Careers publisher Monster Worldwide this morning outlined a sweeping new strategy that vastly expands its job offerings and the universe of candidates — by aggregating them from social sites and the Internet generally — and introduces new pricing models that will allow it to attract the smallest employer.
Monster’s Strategy Briefing conducted for investors, analysts, and others at company headquarters in Weston, Massachusetts, is bold and, in the words of Chairman, President and CEO Sal Iannuzzi, “This is disruptive to everyone of our competitors.”
It puts the company in head-to-head competition with Indeed and other job aggregators, changes the game for job boards with the traditional pay to post pricing model, challenges LinkedIn, and even takes on low-priced, entry-level oriented Craigslist.
In the first 90 minutes of the briefing, company executives broadly described a three pillar strategy.
Pillar one it called Monster Reach, describes the company’s expansion of the number of jobs it offers to job seekers, and the increase in social media distribution and targeting of paid jobs.
Pillar two is Monster Connections, which is a significant broadening of the individuals “discoverable for sourcing.” These will come from collecting profiles and other candidate information from social networks and elsewhere on the Internet. Connections also includes new methods for directly communicating with those people.
Pillar three is Monster Solutions, the name given to its analytical tools, CRM, and other cloud-based services.
Details on how all of these integrate and what each of the moving parts look like and how they will function wasn’t part of today’s presentation. It will take time to digest the plan and learn the specifics.
Iannuzzi said Monster teams will do roadshows in the coming weeks, with most of the new features and pricing rolling out in the U.S. on July 1. Europe will follow shortly after.
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However, Monster’s CFO, James Langrock, described the financial implications of the new strategy, detailing the size of the market potential and the potential for boosting Monster’s financial performance within 24 months. He predicted that the company’s EBITDA (earnings before interest, taxes, depreciation, and amortization) would reach 35 percent, a significant improvement.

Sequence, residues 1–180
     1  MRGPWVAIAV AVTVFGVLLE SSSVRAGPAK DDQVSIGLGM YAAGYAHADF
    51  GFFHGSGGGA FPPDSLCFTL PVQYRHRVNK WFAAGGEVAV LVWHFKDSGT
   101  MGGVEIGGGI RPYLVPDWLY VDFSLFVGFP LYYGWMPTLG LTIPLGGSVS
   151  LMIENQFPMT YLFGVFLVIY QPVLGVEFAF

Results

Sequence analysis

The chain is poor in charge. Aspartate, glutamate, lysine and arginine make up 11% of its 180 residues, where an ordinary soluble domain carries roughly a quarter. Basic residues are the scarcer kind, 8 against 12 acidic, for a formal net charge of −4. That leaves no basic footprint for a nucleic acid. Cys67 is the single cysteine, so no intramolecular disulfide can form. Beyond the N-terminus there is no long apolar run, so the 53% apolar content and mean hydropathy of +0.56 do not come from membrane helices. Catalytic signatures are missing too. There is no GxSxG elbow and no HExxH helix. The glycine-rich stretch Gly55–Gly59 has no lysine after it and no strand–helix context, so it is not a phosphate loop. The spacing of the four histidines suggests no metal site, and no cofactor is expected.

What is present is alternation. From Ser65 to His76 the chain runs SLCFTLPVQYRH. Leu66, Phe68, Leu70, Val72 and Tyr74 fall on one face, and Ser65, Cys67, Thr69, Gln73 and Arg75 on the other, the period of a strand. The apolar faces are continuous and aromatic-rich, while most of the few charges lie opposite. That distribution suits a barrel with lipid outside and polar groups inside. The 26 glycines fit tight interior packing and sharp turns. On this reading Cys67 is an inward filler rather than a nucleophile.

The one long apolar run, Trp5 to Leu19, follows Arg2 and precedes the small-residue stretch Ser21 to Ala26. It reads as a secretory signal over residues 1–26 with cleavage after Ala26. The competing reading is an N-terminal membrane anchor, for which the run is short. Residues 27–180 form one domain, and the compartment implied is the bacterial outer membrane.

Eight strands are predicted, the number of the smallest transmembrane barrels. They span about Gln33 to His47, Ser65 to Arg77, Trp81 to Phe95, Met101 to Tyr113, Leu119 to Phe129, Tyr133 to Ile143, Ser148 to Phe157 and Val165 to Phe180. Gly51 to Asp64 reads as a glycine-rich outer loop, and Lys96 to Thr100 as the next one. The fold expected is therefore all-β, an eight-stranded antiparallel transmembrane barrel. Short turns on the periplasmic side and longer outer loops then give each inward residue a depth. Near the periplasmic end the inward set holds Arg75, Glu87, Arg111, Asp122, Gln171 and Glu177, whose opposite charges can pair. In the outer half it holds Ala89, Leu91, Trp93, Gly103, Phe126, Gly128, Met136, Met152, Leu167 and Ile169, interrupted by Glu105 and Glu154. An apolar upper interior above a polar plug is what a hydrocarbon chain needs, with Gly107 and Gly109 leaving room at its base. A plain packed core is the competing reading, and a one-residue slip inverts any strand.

Much of the analysts’ questions at the end of the presentation focused on the financial implications, as well as seeking more detail on the specifics of the strategy. For the recruiting industry, the strategy marks a significant overhaul in the way Monster does business.
The company is clearly setting its sights on expanding into the long tail of employers, specifically mentioning Craigslist and its $25 (in some markets; $75 in metro markets) job ads. A new pay-for-performance model will make Monster attractive to the “pizza shop owner” who previously spent $25 on Craigslist, as one Monster official explained.
But the company’s new aggregation of online jobs puts it directly in pursuit of Indeed, the largest aggregator in the world, by shifting from a purely paid ad business model to one that will now include a mix of paid and free ads.
Here are the highlights of developments most directly affecting recruiters:
- Monster will aggregate jobs from online sources all over the world. In the U.S. alone, jobs available on the site have already increased from 250,000 to 1.5 million in the last few months. By the end of the year, the total will reach about 4 million. Like the aggregators, these ads will appear in Monster’s search at no charge to the employer.
- A pay-for-performance model is being added to the pricing mix. Monster will keep duration pricing — the traditional paid job model for the industry — adding a paid-for-performance option it expects will appeal to the smallest, price-conscious employer.
- Customers will have more choices of where their paid ads appear, including social media sites. Twitter and Facebook were two sites specifically mentioned. These jobs ads, company officials explained, can be narrowly targeted and will be able to reach not only those individuals with a connection to the company (i.e. a company follower or fan), but others who fit the job profile.
- The number of candidates in the Monster database is already growing “massively,” as one presenter described the increase from Monster’s aggregation of candidate data from the Web and from social media sites. Iannuzzi said recruiters now have access to 115 million profiles in the Monster database; enough millions more to bring the number to 200 million will be added in the coming weeks.